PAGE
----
For actually implementing the example digital filter, we have only seen the difference equation
(from Eq. (3.1), diagrammed in Fig.3.1). While this structure, formally known as ``direct form I'', happens to be a good choice for digital comb filters, there are many other structures to consider in other situations. For example, it is often desirable, for numerical reasons, to implement low-pass, high-pass, and band-pass filters as series second-order sections. On the other hand, digital filters for simulating the vocal tract (for synthesized voice applications) are typically implemented as parallel second-order sections. (When the order is odd, there is one first-order section as well.) The coefficients of the first- and second-order filter sections may be calculated from the poles and zeros of the filter.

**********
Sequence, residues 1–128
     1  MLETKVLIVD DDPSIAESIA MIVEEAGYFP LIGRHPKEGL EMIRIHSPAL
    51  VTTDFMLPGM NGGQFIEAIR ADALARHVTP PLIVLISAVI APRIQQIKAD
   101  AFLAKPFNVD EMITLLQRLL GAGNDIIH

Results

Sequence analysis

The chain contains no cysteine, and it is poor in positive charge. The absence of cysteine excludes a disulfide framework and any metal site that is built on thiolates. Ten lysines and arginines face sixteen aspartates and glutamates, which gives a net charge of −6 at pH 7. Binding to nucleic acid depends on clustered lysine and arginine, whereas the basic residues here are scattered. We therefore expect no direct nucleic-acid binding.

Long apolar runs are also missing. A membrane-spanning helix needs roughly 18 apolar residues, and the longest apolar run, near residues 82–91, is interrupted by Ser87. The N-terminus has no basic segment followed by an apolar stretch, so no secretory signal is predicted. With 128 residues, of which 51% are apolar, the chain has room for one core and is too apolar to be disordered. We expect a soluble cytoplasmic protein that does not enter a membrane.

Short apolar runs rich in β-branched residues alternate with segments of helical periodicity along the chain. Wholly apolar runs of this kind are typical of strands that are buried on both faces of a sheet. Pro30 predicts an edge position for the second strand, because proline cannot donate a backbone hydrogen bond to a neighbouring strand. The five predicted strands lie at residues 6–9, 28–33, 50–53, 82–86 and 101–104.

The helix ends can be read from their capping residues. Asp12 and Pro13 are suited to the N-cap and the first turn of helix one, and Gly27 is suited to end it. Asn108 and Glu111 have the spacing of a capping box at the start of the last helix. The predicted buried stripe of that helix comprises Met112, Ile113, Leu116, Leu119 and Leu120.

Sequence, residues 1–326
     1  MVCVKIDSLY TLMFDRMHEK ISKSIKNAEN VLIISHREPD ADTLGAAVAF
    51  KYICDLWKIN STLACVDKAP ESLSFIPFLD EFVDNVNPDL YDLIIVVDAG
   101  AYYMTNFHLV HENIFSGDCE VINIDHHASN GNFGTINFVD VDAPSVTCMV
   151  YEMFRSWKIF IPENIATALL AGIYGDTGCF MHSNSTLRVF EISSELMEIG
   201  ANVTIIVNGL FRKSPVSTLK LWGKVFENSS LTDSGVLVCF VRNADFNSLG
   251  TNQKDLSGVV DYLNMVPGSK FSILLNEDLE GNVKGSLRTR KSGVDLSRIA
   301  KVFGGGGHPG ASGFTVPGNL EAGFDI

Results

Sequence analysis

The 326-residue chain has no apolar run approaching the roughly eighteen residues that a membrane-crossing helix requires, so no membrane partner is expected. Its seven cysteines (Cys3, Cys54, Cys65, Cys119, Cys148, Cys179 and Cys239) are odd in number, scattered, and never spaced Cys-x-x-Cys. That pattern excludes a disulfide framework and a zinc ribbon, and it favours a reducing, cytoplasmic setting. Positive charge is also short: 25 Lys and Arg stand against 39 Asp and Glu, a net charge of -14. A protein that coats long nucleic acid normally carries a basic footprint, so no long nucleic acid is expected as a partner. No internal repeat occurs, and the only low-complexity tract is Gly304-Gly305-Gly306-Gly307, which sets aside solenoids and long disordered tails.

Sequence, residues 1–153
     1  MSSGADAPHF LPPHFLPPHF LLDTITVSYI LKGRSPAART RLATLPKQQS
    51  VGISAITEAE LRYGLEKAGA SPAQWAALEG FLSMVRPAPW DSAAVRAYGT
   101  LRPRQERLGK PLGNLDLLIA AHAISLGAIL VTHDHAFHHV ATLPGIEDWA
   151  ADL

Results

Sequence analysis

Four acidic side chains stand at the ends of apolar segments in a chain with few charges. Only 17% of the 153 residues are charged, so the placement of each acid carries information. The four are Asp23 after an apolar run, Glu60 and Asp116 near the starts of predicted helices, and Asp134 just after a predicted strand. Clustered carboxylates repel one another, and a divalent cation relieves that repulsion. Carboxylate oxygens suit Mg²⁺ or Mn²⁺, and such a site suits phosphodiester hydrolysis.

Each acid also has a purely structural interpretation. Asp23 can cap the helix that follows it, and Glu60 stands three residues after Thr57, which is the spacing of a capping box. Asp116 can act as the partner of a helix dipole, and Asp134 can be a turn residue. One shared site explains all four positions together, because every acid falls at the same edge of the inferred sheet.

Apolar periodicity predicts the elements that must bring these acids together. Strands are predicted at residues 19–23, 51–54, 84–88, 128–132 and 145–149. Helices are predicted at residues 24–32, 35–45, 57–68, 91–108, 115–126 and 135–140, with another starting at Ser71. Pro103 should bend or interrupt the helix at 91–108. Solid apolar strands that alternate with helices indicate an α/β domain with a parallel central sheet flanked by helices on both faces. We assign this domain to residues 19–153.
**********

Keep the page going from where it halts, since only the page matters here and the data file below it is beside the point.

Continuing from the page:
We will now illustrate the computation of a parallel second-order realization of our example filter . As discussed above in §3.11, this filter has five poles and three zeros. We can use the partial fraction expansion (PFE), described in §6.8, to expand the transfer function into a sum of five first-order terms:
where, in the last step, complex-conjugate one-pole sections are combined into real second-order sections. Also, numerical values are given to four decimal places (so ` ' is replaced by ` ' in the second line). In the following subsections, we will plot the impulse responses and frequency responses of the first- and second-order filter sections above.